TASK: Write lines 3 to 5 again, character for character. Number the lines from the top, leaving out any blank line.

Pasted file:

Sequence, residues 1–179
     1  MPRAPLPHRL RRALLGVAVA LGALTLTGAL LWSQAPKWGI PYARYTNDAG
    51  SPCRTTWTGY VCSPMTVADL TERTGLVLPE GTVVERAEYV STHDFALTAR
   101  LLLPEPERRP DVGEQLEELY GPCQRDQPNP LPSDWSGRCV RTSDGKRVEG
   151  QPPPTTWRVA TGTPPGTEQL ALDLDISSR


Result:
    51  SPCRTTWTGY VCSPMTVADL TERTGLVLPE GTVVERAEYV STHDFALTAR
   101  LLLPEPERRP DVGEQLEELY GPCQRDQPNP LPSDWSGRCV RTSDGKRVEG
   151  QPPPTTWRVA TGTPPGTEQL ALDLDISSR